An H counter 601 updates the count value each time the clock A rises. A comparator 603 determines whether an output value of the H counter 601 is equal to an output value of a selector 608. The selector 608 typically selects an output value of the register 606. If the two output values are equal, the H counter 601 is reset, and the count value returns to 0.

A V counter 602 updates the count value each time an output value of the H counter 601 is equal to an output value of the selector 608. A comparator 604 determines whether an output value of the V counter 602 is equal to an output value of the register 605. That is, the comparator 604 determines whether an output value of the V counter 602 is equal to the value corresponding to the 1H period subsequent to a 1H period in which the TG 113 generates a readout pulse. If the two output values are equal, the selector 608 selects the register 607.

The SSG 115 can extend or reduce a given 1H period (that is, the 1H period subsequent to a 1H period in which the TG 113 generates a readout pulse) using the correction value. Thus, the occurrence of a shift between the video and audio is suppressed.

When the image sensor 102 is driven at a rate of 30 fps, the interval between readout pulses is 1/30 sec. If the shutter speed of an electronic shutter is higher than 1/30, adjustment of a given 1H period does not affect the exposure time.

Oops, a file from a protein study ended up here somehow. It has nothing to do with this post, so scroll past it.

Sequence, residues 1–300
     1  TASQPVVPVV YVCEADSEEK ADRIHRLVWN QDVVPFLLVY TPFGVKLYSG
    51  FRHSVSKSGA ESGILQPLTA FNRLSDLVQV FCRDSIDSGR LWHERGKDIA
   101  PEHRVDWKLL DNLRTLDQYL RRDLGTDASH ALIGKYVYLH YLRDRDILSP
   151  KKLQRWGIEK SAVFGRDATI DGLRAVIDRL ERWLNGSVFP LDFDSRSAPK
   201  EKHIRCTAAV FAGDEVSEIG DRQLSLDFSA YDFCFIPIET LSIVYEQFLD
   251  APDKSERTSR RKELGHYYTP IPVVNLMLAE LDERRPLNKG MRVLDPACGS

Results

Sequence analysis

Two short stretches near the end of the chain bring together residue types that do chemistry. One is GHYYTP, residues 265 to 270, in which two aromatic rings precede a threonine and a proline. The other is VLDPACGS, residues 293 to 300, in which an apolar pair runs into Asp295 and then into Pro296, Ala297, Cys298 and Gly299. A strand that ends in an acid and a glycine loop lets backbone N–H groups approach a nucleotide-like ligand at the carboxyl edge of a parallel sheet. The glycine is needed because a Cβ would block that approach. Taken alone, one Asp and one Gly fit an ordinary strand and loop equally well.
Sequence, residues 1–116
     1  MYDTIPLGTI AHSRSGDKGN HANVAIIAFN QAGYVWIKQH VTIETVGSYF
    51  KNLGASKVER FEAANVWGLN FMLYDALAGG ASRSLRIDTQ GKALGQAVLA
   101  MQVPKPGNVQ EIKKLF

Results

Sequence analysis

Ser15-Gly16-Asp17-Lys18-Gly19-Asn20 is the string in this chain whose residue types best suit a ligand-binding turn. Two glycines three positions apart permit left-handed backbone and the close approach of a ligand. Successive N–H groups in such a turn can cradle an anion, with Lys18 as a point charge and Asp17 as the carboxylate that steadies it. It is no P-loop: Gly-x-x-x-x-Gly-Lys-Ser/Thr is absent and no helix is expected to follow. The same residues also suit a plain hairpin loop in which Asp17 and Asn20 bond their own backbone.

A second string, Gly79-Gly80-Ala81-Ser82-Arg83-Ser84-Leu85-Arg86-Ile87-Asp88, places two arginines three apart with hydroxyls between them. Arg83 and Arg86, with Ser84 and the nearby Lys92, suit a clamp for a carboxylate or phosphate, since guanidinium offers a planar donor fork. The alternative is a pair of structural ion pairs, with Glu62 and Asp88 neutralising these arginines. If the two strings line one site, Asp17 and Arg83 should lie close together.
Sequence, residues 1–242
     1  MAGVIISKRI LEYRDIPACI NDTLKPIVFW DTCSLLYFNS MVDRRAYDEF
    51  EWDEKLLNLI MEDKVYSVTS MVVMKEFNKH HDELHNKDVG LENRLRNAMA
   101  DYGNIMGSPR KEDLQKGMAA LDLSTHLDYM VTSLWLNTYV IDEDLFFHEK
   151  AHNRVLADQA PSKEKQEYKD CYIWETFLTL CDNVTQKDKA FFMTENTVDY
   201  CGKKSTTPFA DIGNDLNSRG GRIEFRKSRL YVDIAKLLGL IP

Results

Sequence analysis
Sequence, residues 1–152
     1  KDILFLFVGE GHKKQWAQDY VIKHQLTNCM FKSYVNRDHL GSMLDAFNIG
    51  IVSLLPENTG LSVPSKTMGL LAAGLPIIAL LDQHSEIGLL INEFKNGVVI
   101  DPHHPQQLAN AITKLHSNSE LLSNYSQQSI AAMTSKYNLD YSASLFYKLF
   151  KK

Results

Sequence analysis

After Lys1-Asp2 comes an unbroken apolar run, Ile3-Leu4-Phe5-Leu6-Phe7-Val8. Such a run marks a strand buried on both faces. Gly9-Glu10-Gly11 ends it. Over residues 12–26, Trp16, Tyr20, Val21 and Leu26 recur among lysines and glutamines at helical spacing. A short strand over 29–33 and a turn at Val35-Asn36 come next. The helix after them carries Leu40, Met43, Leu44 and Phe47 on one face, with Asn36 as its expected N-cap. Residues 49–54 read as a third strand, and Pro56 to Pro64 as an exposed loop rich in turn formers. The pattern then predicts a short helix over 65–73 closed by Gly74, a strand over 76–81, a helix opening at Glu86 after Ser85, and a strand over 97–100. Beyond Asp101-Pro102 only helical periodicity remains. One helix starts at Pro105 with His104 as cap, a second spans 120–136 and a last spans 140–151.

In the present embodiment, a shift value is corrected only in the H period subsequent to an H period in which a readout pulse is generated. However, a shift value may be corrected in one or a plurality of H periods from the H period subsequent to an H period in which a readout pulse is generated until an effective video period begins.

In the image capture device according to the present embodiment, therefore, when a clock for sampling a video signal is generated using a first crystal oscillator and a clock for sampling an audio signal is generated using a second crystal oscillator different from the first crystal oscillator, the occurrence of a shift between the video and audio can be suppressed. Thus, if video with audio is captured for a long time, the occurrence of a shift between the video and audio can be suppressed so that users can play back the video without experiencing uncomfortable feelings associated with the occurrence of a shift between the audio and the video. That is, the shift between the clock for sampling the video signal and the clock for sampling the audio signal is corrected so that the shift is not perceivable by users during playback of the video and audio signals.

In the image capture device according to the present embodiment, a shift between the video and audio only in a certain H period can be adjusted. Thus, the occurrence of the shift between video and audio can be suppressed with a small amount of hardware configuration.